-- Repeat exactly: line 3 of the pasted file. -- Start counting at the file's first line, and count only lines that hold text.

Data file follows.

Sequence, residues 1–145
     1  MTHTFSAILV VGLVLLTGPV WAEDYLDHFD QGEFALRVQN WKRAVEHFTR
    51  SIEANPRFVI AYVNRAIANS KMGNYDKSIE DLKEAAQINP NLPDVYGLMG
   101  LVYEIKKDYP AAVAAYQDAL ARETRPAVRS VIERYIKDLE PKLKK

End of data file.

    51  SIEANPRFVI AYVNRAIANS KMGNYDKSIE DLKEAAQINP NLPDVYGLMG